A Texas judge "correctly held" that Obamacare's individual mandate to hold insurance is inseparable from the rest of the law, the Trump administration told an appeals court Wednesday in arguing the entire program must fall.
The Justice Department's brief solidified President Trump's support for a lawsuit that could decimate his predecessor's signature health program, even though Republicans haven't reached consensus on a replacement.
It's also a change of heart.
Administration lawyers once took a limited view of the state-driven challenge, saying a narrow slice of Obamacare should be struck after Congress decided to zero out the penalty for shirking insurance as part of the GOP tax overhaul.
They changed course after the lower court sided with state Republicans who say the tweak made the entire program unconstitutional, including its protections for sicker Americans, subsidies for private coverage and sweeping expansion of Medicaid in dozens of states.
"In the district court, the Department of Justice took the position that the remainder of the ACA was severable, but upon further consideration and review of the district court's opinion, it is the position of the United States that the balance of the ACA also is inseverable and must be struck down," Justice attorneys wrote to the U.S. Court of Appeals for the Fifth Circuit.
If upheld on appeal, the case would force Washington to revisit health reform. Yet any decision that wipes away Obamacare's sweeping benefits could politically injure the GOP in the middle of the 2020 campaign.
Despite that risk, red states that filed the lawsuit in 2018 urged the appeals court to affirm the Texas ruling from December.
"The district court correctly recognized all this in declaring the ACA unlawful in its entirety," the states said in their own brief Wednesday. "The Department of Justice now agrees — and so too should this court."
Blue-state attorneys general and House Democrats are fighting back in the appellate courts. They say the challenge before the Fifth Circuit is misguided, because Congress intentionally left the rest of Obamacare alone when it attacked the individual mandate.
They also stress the potential consequences of striking down the entire law, since millions gained coverage under its most popular provisions.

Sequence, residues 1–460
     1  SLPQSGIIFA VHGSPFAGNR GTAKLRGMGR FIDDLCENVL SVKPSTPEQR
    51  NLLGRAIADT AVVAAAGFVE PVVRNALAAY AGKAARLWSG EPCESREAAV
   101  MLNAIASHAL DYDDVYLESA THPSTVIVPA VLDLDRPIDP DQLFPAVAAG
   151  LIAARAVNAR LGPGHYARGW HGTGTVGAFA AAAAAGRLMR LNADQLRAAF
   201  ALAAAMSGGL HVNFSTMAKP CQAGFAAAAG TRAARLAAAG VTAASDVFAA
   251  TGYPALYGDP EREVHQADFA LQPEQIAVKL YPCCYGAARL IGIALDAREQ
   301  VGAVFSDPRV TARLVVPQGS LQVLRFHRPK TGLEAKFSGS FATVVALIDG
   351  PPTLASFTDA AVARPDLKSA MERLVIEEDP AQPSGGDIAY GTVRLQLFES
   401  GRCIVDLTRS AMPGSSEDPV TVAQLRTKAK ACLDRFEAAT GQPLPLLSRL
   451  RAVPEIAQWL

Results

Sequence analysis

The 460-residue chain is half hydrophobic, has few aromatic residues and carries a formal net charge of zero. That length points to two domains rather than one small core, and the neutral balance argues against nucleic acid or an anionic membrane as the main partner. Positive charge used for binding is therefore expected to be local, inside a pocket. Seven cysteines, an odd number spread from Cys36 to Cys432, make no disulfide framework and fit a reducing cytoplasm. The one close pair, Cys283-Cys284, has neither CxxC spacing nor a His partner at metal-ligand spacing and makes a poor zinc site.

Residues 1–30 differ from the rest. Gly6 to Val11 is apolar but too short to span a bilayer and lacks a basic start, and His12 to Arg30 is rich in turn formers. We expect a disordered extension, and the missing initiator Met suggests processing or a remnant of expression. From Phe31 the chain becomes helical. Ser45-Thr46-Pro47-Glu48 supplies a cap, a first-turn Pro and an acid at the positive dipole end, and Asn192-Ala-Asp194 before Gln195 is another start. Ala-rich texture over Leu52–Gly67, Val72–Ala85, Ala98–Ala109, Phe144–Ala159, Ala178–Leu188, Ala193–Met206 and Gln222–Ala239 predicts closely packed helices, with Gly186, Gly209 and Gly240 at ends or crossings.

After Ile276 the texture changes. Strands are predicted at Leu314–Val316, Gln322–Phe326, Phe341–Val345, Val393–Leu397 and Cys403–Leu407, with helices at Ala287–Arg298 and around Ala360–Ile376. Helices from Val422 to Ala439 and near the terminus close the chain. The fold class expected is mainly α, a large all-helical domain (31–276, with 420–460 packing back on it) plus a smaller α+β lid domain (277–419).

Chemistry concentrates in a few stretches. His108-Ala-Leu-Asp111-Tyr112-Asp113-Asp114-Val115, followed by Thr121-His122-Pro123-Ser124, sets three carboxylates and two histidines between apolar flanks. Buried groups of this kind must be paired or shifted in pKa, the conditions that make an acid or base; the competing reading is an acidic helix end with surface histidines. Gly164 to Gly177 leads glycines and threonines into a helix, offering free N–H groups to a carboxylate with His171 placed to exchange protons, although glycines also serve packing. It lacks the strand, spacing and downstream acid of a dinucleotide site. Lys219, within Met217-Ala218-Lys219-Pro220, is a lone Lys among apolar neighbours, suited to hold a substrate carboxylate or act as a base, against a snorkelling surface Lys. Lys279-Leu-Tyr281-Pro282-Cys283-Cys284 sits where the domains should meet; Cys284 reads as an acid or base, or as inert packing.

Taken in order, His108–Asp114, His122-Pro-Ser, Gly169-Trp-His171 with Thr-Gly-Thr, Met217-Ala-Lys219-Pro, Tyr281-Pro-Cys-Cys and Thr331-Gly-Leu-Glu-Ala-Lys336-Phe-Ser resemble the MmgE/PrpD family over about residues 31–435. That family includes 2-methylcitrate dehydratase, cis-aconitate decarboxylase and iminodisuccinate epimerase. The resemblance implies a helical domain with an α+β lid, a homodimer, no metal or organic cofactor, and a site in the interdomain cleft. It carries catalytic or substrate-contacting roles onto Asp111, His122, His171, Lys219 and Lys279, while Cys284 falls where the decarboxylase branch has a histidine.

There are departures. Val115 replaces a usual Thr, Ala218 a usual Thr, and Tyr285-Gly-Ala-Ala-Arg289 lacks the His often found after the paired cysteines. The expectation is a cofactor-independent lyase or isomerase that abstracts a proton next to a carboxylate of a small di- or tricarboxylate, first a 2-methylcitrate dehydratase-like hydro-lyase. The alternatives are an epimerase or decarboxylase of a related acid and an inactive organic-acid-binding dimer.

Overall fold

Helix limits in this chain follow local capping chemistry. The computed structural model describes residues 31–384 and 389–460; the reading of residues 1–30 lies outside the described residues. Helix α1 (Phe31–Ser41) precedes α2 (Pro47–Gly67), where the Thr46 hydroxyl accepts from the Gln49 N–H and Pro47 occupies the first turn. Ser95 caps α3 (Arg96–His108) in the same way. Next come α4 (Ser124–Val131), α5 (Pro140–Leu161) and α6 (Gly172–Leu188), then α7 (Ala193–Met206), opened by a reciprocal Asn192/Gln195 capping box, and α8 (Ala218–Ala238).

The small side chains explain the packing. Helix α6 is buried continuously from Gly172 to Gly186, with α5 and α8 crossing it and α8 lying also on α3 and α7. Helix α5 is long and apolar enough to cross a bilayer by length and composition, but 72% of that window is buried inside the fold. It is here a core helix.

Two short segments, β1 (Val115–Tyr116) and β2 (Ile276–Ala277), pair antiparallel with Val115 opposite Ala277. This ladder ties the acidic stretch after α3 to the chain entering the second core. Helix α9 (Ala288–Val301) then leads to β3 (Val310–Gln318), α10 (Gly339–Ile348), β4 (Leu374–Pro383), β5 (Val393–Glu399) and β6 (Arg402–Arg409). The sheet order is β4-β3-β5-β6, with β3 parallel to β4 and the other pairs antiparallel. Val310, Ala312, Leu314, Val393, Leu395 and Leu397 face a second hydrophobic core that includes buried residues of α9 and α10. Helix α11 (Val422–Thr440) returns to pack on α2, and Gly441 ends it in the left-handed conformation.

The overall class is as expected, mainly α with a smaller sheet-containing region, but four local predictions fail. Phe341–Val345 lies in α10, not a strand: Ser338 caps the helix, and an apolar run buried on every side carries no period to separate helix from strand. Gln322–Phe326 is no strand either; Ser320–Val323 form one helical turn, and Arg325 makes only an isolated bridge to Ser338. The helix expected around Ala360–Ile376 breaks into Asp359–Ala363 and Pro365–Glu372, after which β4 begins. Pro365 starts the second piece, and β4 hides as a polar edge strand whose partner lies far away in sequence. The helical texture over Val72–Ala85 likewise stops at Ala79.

For his part, Mr. Trump thinks the Supreme Court will strike down Obamacare in the end.
He recently said it would clear the way for the GOP to repeal and replace the law after their embarrassing failure in 2017.
Senate GOP leaders said they have no intention of revisiting the issue, however — for one thing, Democrats control the House. That forced the president back off from his nascent push and punt a repeal vote until after the 2020 elections.
Some Democrats are looking beyond Obamacare and proposing a sweeping, government run plan known as single-payer health care or "Medicare for All," citing the nearly 30 million who remain uninsured despite the 2010 law.
The Congressional Budget Office on Wednesday released a laundry list of complexities for drafters of a single-payer plan to consider, such as government's role in administering the plan and funding it, who would be eligible for coverage and whether enrollees must pay a share of costs.
Architects of the system would also have to figure out whether private insurers could exist alongside the government plan, or if they'd be relegated to covering things like cosmetic surgery.
"Establishing a single-payer system would be a major undertaking that would involve substantial changes in the sources and extent of coverage, provider payment rates, and financing methods of health care in the United States," the CBO wrote.